"I guess you are Judge and Jury. Dade Phelan is a feckless man who should resign in shame."

Oh and that same guy said Phelan and I both belong in jail. But the initial negative response referencing my profession no doubt assumed that since I read the news, I vote a certain way. And the young woman who said that, lives across the state, so has never heard me. She just assumed. The Tarrant County Judge reached the same conclusion in the Fort Worth Star Telegram. Here's how they reported it...

The judge with Sen. Cruz (R-Cancun)
Tarrant County Judge Tim O’Hare said in a post on the social media site X, that we can blame “corrupt media sources” for the impeachment saga, which has exposed divisions within the state GOP party. “Here are two important lessons for Republicans,” wrote O’Hare, a Republican serving his first term as Tarrant County’s top official. “Republicans should NEVER, EVER buy, read, watch or consume anything from corrupt media sources. We all know who they are.” He continued with, “Republicans should NEVER, EVER repeat anything published by the corrupt media. They are simply untrustworthy.”
A commenter responded that Paxton, who was accused of corruption and abuse of office by the Texas House in May, “is an enormous embarrassment” and called Senate Republicans “cowards for putting politics over responsibility. ... There was a time when Republicans were willing to do what was right, sadly those days are gone.” O’Hare responded, “We’re pretty busy trying to stop leftists from telling little girls and boys they can change their sex, putting porn in school libraries and teaching kids that America is a terrible place.” The commenter reacted with, “Absolutely none of that is happening. You and your ilk are spending all your time building enormous mountains out of nothing to scare weak minded people into giving you money and power. Your only goal is power and how you get it is unimportant to you.” To which O’Hare wrote, “Now you’re simply being dishonest.”

Note the phrase, "we all know who they are." And that's where we are, and have been for several years. Now, in the midst of the Trump saga, and chastened by the Dominion Voting Machine lawsuit, even Fox News is not trustworthy enough for the more extreme folks out there.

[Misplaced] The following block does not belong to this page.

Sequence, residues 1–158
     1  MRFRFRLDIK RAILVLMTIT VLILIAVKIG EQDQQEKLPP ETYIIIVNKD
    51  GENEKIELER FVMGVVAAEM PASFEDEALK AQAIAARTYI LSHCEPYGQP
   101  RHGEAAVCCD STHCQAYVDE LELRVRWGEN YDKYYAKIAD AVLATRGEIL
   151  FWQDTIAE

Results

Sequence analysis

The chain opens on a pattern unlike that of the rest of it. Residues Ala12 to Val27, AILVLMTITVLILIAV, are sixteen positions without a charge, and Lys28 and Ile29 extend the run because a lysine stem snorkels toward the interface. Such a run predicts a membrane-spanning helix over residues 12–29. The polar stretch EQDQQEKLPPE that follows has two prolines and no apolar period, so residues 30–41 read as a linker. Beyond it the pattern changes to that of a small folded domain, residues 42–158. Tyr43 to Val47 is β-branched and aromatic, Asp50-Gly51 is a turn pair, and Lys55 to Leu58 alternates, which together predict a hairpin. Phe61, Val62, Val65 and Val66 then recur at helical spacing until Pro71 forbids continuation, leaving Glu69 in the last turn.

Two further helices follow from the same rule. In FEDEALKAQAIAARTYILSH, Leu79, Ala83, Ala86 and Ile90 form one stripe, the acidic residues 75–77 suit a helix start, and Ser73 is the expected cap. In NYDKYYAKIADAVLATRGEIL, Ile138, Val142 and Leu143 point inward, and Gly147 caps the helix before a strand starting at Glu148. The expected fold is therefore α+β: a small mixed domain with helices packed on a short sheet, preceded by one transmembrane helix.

I have contended for years that we are all more than who we vote for, if you'll excuse the sentence-ending preposition. I don't think that I'm unusual in having the usual mixed bag of opinions, positions on issues, beliefs and voting record. I was raised in the church. Well, OK, the Episcopal Church, but it technically counts. That aside, I am a believer. I take it seriously. I don't think the imprimatur of my faith should be given to unworthy people. I am appalled that it has.

Episcopal Hell--It's an old joke... - Episcopal Church Memes | Facebook

Issues like gay marriage and abortion, as I have written before, produce a lot of sometimes conflicting feelings and responses for me. I have worked for exactly two political campaigns in my life, one Democratic and one Republican and I've voted for both. I said on the radio in Houston that Bill Clinton should do the honorable thing and resign. But I also think he was a good President. It's the ethics thing that is a sticking point. I admired President Obama, but wouldn't have had a problem with John McCain or Mitt Romney. All would have been perfectly fine Commanders in Chief. Well, the Palin thing might have been a sticking point.

So, the fatuous assumption that you know someone and their point of view simply by virtue of their profession, or their opinion on one subject in the news, is simply moronic. As I pointed out to one of my commenters, until the mid to late 90's, all our Texas political crooks were Democrats. And we had more than our share. Just ask former Attorney General Jim Mattox. No don't ask him. Firstly, he's dead and secondly, if you could, he'd just lie about it.

"You guys still talking about that?"